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The reason I am doing dynamic class loading is because I am creating a single set of files that can be used across multiple similar projects, so doing a #import and then normal instantiation just won't work. Dynamic classes allows me to do this, as long as I can call methods within those classes. Each project has this in the pch with a different "kMediaClassName" name so I can dynamically load different classes based on the project I'm in:

#define kMediaClassName @"Movie"

Here is the code I am using to get an instance of a class dynamically:

Class mediaClass = NSClassFromString(kMediaClassName);
id mediaObject = [[[mediaClass alloc] init] autorelease];

Then I try to call a method within that dynamic class:

[mediaObject doSomething];

When I then type this into Xcode, the compiler shows a warning that the class doesn't have this method, even though it does. I can see it right there in my Movie.h file. What is going on? How do I call a method from a dynamically instantiated class?

And what if I need to pass multiple arguments?

[mediaObject loadMedia:oneObject moveThe:YES moveA:NO];

Thanks for the help in advance.

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4 Answers 4

up vote 6 down vote accepted

you can declare a protocol, like so:

@protocol MONMediaProtocol

/*
  remember: when synthesizing the class, you may want
  to add the protocol to the synthesized class for your sanity
*/

- (BOOL)downloadMediaAtURL:(NSURL *)url toPath:(NSString *)path loadIfSuccessful:(BOOL)loadIfSuccessful;

/* ...the interface continues... */

@end

in use:

Class mediaClass = NSClassFromString(kMediaClassName);
assert(mediaClass);

id<MONMediaProtocol> mediaObject = [[[mediaClass alloc] init] autorelease];
assert(mediaObject);

NSURL * url = /* expr */;
NSString * path = /* expr */;

BOOL loadIfSuccessful = YES;

BOOL success = [mediaObject downloadMediaAtURL:url toPath:path loadIfSuccessful:loadIfSuccessful];
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1  
I was going to recommend using a protocol too, especially since it seems like he has many classes with the same method names. –  Kendall Helmstetter Gelner Feb 5 '11 at 23:47
    
After realizing that I need to pass multiple arguments as well as return an object, I think implementing a protocol is most likely the way to go. I'll try to use this. –  Ethan Allen Feb 6 '11 at 0:04
    
This works fantastic. Thank you guys. –  Ethan Allen Feb 6 '11 at 0:35
    
@Ethan Allen you're welcome. happy coding –  justin Feb 6 '11 at 4:34

Well it might be there, but the Compiler doesn't know about it because it assumes that mediaClass is just some Class object, but nothing specific. NSClassFromString() is a runtime function and thus can't give the compiler a hint at compile time about the object.

What you can do:

  • Ignore the warning
  • Use [media performSelector:@selector(doSomething)];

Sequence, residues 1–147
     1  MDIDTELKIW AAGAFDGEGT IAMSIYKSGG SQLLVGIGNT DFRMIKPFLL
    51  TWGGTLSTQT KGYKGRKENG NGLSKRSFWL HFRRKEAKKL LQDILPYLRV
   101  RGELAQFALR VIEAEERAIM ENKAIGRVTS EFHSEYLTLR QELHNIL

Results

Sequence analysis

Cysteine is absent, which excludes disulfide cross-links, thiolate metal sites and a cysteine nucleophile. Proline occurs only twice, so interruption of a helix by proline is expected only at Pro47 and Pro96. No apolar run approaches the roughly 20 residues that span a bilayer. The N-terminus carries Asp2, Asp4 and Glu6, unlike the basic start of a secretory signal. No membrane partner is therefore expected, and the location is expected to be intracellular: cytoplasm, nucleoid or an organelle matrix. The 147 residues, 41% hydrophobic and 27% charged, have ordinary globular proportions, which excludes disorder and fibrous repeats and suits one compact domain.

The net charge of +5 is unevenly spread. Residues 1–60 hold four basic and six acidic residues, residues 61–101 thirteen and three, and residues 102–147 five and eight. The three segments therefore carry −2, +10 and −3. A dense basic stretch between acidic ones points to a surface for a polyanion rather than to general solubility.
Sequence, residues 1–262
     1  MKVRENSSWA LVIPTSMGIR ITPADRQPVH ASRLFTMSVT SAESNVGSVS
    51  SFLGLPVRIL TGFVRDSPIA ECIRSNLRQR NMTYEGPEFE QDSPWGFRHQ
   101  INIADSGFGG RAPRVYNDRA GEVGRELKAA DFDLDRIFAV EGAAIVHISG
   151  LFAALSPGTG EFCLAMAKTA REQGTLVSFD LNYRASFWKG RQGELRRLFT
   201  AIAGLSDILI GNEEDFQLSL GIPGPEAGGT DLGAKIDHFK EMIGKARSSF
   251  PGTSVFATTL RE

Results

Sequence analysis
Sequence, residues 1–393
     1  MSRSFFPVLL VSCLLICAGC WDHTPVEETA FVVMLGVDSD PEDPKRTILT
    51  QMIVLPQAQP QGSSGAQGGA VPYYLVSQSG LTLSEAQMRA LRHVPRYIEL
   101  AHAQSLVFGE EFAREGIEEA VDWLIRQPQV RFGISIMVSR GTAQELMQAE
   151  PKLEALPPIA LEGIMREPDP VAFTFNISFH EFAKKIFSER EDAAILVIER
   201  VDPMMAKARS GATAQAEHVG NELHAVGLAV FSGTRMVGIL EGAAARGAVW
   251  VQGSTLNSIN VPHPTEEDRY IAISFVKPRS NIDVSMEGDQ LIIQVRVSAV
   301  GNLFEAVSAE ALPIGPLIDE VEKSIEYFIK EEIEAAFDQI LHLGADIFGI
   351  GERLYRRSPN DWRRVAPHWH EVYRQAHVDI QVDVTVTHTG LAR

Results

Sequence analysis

And btw, this is wrong:

Class mediaClass; = NSClassFromString(kMediaClassName);

it should be:

Class mediaClass = NSClassFromString(kMediaClassName);
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What if I need to pass multiple arguments to the method? Example: [mediaObject loadMedia:oneObject moveThe:YES moveA:NO]; –  Ethan Allen Feb 5 '11 at 22:13
    
Then use NSInvocation like Joe Blow already suggested, its your best bet in this case. –  JustSid Feb 5 '11 at 22:15
    
You can always use objective-c runtime functions to accomplish that. Please see my answer ;) –  nacho4d Feb 5 '11 at 23:00

An easier and fancier solution than NSInvocation :)

Class mediaClass = NSClassFromString(kMediaClassName);
if(mediaClass){
    id mediaObject = class_createInstance(mediaClass,0);
    objc_msgSend(mediaObject, @selector(doSomethingWith:andWith:alsoWith:), firstP, secondP,thirdP);
}

Explanation:

class_createInstance(mediaClass,0); does exactly the same as [[mediaClass alloc] init]; if you need to autorelease it, just do the usual [mediaObject autorelease];

objc_msgSend() does exactly the same as performSelector: method but objc_msgSend() allows you to put as many parameters as you want. So, easier than NSInvocation right? BTW, their signature are:

id class_createInstance(Class cls, size_t extraBytes)
id objc_msgSend(id theReceiver, SEL theSelector, ...)

For more info you can refer the Objective-C Runtime Reference

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3  
1  
This is awesome, thank you. On the iPhone I just needed to make sure I imported the following: #import <objc/runtime.h> #import <objc/message.h> –  Ethan Allen Feb 5 '11 at 23:11
    
it can do the job, but it's far too dangerous for my taste. see bbum's response in JustSid's link for the explanation. –  justin Feb 5 '11 at 23:30

As Joe Blow says, NSInvocation will help you here, though NSObject has a couple of shortcut methods that you can use: -performSelector:, -performSelector:withObject:, and -performSelector:withObject:withObject:.

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